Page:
Business Secretary Grant Shapps has set out plans to enforce minimum service levels during strike action, including for ambulance staff, firefighters and railway workers.
Under the bill, some employees would be required to work during a strike and could be sacked if they refuse.
Mr Shapps said the aim was to protect lives and livelihoods.
But unions said the proposed bill was "undemocratic, unworkable, and almost certainly illegal".
And Labour said it would repeal the legislation if it wins the next general election.
The new bill, published on Tuesday, comes amid a wave of industrial action across public services, with unions calling for pay increases to keep up with the rising cost of living.
But it is not set to become law until later this year - provided it gets past opposition in the House of Lords - so will have no impact on the current strikes.
The government is seeking to extend legislation on public transport already making its way through Parliament to cover other sectors.
Ministers will get the power to set minimum safety levels for fire, ambulance and rail services under the bill, which will apply to England, Wales and Scotland.
They would also have the power to set minimum levels of service for health, education, nuclear decommissioning and border security but hope to reach voluntary agreements in these areas.
Ministers will decide the level of service required for each sector during strikes following a consultation.
Employers will then be able to issue a "work notice" to unions, setting out who is required to work during a strike.
Under the legislation there would be no automatic protection from unfair dismissal for an employee who is told to work through a notice but chooses to strike.
If a strike is not conducted in accordance with the new rules, employers would be also be able to sue unions for losses.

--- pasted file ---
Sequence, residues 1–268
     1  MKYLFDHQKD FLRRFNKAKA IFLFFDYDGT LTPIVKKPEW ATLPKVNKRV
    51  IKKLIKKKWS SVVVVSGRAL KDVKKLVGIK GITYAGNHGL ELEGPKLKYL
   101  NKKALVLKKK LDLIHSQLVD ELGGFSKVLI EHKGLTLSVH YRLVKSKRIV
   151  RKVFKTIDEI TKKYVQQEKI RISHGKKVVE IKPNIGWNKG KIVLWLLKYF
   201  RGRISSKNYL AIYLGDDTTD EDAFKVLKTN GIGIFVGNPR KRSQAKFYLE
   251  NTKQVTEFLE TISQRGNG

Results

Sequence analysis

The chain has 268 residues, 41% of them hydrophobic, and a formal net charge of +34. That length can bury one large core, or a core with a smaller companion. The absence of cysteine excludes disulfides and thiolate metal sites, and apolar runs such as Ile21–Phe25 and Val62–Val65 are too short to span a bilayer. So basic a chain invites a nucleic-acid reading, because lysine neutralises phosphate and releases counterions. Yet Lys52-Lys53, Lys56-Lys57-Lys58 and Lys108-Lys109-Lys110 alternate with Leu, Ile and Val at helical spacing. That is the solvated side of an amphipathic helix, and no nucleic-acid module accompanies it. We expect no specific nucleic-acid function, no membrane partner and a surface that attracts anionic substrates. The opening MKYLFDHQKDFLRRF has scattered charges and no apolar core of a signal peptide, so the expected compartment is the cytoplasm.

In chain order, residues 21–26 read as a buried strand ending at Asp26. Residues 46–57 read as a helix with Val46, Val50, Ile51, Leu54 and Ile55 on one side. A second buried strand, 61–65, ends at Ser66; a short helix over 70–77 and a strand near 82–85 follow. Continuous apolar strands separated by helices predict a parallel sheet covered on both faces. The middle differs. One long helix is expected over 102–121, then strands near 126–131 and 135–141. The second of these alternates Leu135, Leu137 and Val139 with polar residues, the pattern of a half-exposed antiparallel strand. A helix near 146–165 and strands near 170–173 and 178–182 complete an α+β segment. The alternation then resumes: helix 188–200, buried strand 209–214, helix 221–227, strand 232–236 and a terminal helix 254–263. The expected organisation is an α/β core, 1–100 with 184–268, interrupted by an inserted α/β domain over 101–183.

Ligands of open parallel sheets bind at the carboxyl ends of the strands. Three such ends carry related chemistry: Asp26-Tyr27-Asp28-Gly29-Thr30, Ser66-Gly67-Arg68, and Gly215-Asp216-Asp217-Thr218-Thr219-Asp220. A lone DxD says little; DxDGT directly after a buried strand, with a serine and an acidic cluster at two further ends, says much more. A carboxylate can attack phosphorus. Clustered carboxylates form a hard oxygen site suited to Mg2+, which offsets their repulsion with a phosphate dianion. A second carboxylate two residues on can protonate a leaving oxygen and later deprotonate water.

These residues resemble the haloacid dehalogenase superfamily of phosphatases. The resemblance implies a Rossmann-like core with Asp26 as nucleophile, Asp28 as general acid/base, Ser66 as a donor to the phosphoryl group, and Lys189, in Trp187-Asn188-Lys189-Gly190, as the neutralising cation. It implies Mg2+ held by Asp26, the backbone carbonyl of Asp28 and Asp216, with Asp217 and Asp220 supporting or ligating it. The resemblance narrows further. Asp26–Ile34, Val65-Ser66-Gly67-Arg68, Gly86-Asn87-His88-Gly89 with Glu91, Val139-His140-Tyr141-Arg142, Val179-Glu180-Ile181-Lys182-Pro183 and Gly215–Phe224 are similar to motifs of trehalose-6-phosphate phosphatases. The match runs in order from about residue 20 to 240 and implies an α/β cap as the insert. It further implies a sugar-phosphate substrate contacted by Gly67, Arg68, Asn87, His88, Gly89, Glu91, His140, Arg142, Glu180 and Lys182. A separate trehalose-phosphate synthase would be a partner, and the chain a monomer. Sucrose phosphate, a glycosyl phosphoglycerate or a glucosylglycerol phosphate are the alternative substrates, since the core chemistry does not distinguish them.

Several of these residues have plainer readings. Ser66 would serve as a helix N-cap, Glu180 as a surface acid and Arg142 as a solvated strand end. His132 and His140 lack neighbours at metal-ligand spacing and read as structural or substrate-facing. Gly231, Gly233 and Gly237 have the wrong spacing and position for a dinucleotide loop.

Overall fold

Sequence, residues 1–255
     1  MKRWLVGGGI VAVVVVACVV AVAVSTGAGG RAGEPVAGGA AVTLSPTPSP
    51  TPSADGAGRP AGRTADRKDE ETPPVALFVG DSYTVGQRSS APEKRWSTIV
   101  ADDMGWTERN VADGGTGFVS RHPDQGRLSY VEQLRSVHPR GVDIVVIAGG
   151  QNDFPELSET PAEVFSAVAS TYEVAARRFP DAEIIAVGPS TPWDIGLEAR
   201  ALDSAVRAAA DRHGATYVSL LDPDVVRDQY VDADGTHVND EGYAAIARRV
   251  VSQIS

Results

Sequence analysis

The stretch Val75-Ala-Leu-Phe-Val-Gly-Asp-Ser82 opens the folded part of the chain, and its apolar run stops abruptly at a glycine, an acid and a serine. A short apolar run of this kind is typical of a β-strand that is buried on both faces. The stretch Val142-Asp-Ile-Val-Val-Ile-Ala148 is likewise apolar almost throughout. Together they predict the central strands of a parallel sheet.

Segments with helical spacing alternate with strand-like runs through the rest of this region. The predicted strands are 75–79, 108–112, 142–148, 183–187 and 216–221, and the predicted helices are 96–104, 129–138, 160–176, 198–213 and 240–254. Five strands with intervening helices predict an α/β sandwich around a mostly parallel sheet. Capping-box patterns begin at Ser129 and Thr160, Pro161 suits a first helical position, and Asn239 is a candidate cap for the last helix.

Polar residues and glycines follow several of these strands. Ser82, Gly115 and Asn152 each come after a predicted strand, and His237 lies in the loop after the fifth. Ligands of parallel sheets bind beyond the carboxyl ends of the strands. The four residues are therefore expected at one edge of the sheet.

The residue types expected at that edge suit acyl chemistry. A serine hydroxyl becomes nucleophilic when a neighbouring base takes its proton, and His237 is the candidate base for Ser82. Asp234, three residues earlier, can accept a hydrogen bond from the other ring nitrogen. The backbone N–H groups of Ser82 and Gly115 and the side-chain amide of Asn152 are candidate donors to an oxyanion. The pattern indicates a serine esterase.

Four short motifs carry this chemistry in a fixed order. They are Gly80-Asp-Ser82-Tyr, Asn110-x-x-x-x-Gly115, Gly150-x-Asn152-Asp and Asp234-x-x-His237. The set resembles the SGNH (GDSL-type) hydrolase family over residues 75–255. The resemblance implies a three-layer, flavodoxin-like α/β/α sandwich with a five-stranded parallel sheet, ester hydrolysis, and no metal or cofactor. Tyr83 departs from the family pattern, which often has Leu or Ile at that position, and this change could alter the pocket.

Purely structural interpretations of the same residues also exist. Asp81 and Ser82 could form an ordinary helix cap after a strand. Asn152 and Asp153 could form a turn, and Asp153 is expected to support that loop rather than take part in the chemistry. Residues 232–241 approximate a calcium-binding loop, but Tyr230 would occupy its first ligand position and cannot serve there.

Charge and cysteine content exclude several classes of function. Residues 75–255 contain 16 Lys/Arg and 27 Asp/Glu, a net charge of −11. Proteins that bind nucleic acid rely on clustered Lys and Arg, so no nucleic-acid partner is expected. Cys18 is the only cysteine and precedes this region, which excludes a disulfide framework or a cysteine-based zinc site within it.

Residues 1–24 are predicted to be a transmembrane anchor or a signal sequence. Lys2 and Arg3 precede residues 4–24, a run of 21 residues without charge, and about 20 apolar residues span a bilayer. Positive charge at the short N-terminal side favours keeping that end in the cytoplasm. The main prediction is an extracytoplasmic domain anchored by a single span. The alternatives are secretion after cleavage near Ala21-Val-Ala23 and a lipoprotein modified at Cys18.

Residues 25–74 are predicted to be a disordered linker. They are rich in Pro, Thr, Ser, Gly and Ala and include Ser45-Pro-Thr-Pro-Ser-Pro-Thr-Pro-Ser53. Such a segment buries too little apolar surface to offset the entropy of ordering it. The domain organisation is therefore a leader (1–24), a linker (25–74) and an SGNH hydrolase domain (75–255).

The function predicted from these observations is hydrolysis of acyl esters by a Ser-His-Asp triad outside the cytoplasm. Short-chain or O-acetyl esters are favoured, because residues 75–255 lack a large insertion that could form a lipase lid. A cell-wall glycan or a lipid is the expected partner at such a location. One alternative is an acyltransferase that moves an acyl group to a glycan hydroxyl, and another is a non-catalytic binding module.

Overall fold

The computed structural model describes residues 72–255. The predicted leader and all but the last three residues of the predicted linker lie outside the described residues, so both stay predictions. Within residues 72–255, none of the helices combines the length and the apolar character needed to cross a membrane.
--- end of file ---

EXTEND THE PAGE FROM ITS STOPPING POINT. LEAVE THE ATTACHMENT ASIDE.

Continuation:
Labour's deputy leader Angela Rayner said it was "utterly stupid" and "insulting" for Mr Shapps to go from thanking nurses to proposing to sack them for striking.
"We all want minimum standards of safety, service and staffing. It is the ministers failing to provide it," she said, adding that the public was being put at risk every day by the crisis in the NHS and staff shortages.
Mr Shapps told MPs: "No one is talking about sacking nurses... nothing we are announcing today in this bill from the despatch box is about getting rid of nurses any more than any employment contract has to be followed."
He added that the government "absolutely believes in the right to strike" but it is "duty bound" to protect the lives and livelihoods of the public.
"We don't want to use this legislation but we must ensure the safety of the British public," he said.
Mr Shapps said the proposed legislation was similar to existing laws in Spain and France - and it would not break European human rights laws.
Conservative MPs spoke in support of the plans in the Commons but one, Stephen McPartland, said on Twitter it was "shameful" to target individual workers and "order them to walk past their mates on [the] picket line or be sacked".
The head of the Trades Union Congress (TUC), Paul Nowak, said that if it became law the legislation would "prolong disputes and poison industrial relations - leading to more frequent strikes".
"This legislation would mean that when workers democratically vote to strike, they can be forced to work and sacked if they don't comply," he said.
"That's undemocratic, unworkable, and almost certainly illegal."
The TUC said it would hold a national "protect the right to strike" day on 1 February in protest against the bill.
Fire Brigades Union general secretary Matt Wrack called the bill a "shameful attack" on democratic rights and key workers.
Mick Lynch, head of the RMT transport union, said the "draconian legislation" sought to "punish workers" for demanding decent pay and working conditions.
The GMB union, which represents some ambulance workers, said the bill would "alienate" NHS staff further by "attacking their fundamental right to take action".
Ambulance staff in England and Wales are preparing to walk out on Wednesday, while nurses in England and teachers in Scotland are also set to strike next week.
Business Secretary Grant Shapps: "We are duty-bound to protect the lives... of the British people"
Angela Rayner asks Grant Shapps about strikes in the public sector: "Any chance of a deal this year?"